Nearly 30% of San Diego County residents identify as Latino. Although they experience mental health issues at the same rate as other populations, cultural stigma and other barriers may limit access to necessary mental health treatment.
As a member of the Latino community himself, Dr. Joseph Minick understands the stigma surrounding discussions of sadness or anxiety.
"When it comes to addressing our mental health, we put our heads down and get the job done for ourselves, but more importantly for our family," says Dr. Minick, medical director of the Spanish cognitive intensive outpatient therapy program at Sharp Mesa Vista Hospital.
To better support the region's Spanish-speaking residents, Sharp Mesa Vista recently launched a new cognitive therapy program entirely in Spanish.
"We need to support each other in seeking treatment for our mental health and stop suffering in silence," says Dr. Minick.
Breaking the barriers
Patients who access Sharp Mesa Vista's new cognitive therapy program will find their entire care experience available in Spanish — from initial consultations and one-on-one meetings with a doctor, to supporting documents and group sessions.
The program aims to break down barriers that the Latino community faces when addressing mental health issues. Some of these barriers include:
- Coping with mental health issues by seeking advice from family, friends or spiritual advisers and not seeking help from mental health professionals.
- Lack of understanding and knowledge regarding mental health, which increases the stigma associated with mental illness.
- Uncertainty in how to access services for themselves or their loved ones.
- Language, as many providers do not speak Spanish and may not understand some of the cultural issues important to Latinos.
According to the Hispanic Community Health Study/Study of Latinos, more than a quarter of Hispanics/Latinos report high levels of symptoms of depression, with only 5% getting proper treatment.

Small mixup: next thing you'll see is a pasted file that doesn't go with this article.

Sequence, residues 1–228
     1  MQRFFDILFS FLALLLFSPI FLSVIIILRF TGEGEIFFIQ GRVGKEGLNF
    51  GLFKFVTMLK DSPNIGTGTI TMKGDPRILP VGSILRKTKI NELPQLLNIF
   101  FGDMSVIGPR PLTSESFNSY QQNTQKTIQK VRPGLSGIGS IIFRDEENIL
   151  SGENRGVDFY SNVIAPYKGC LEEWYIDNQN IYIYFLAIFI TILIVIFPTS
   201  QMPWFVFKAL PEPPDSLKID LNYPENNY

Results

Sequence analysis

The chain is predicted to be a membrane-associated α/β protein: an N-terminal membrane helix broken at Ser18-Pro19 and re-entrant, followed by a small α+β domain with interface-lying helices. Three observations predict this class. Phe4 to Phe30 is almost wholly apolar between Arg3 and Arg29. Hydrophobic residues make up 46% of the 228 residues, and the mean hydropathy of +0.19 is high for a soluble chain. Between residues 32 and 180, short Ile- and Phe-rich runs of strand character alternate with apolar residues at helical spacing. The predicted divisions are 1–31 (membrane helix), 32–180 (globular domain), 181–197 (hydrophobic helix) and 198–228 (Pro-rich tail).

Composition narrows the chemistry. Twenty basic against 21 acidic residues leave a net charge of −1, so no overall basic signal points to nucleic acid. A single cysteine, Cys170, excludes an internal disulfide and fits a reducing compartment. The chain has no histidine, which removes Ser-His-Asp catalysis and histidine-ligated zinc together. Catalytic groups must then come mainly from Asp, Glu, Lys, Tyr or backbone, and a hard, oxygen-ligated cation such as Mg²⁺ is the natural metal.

When these feelings begin to alter quality of life, seeking treatment and getting needed support can improve daily functioning and help stabilize the patient.
Cognitive therapy is a focused therapy for a wide range of mental health issues, including depression, anxiety, anger, loneliness, obsessive-compulsive tendencies and trauma. It can include individual sessions with a mental health doctor as well as group sessions with other patients enrolled in the program.
"Our team works with patients to identify the emotions and behaviors that are affecting daily life, and help guide people in practicing coping techniques to support healthier responses to the cause," says Dr. Minick.
This outpatient program allows patients to balance treatment with regular life responsibilities in an intensive short-term program with long-lasting results, he says. For example, sessions are offered in the late afternoon or evening to accommodate dayshift work schedules.
"We feel honored to open this program to the Latino community and offer this support in Spanish for those in need," says Minick.
To learn more or to request an assessment for Sharp Mesa Vista's cognitive therapy program in Spanish, please call 858-836-8459.